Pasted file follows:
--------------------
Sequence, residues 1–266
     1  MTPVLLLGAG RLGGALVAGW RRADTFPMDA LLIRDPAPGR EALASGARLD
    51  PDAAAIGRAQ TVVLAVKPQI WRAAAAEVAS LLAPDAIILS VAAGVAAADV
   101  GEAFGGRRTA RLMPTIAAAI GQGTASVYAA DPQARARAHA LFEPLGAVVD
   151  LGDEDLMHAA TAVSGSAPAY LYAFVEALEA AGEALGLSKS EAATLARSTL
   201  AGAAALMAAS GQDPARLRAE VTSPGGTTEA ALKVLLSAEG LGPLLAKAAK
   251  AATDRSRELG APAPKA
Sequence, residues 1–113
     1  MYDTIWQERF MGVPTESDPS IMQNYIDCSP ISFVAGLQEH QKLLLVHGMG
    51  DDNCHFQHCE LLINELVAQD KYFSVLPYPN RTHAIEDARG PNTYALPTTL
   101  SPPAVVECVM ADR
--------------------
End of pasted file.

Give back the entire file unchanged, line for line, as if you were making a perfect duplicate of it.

Sequence, residues 1–266
     1  MTPVLLLGAG RLGGALVAGW RRADTFPMDA LLIRDPAPGR EALASGARLD
    51  PDAAAIGRAQ TVVLAVKPQI WRAAAAEVAS LLAPDAIILS VAAGVAAADV
   101  GEAFGGRRTA RLMPTIAAAI GQGTASVYAA DPQARARAHA LFEPLGAVVD
   151  LGDEDLMHAA TAVSGSAPAY LYAFVEALEA AGEALGLSKS EAATLARSTL
   201  AGAAALMAAS GQDPARLRAE VTSPGGTTEA ALKVLLSAEG LGPLLAKAAK
   251  AATDRSRELG APAPKA
Sequence, residues 1–113
     1  MYDTIWQERF MGVPTESDPS IMQNYIDCSP ISFVAGLQEH QKLLLVHGMG
    51  DDNCHFQHCE LLINELVAQD KYFSVLPYPN RTHAIEDARG PNTYALPTTL
   101  SPPAVVECVM ADR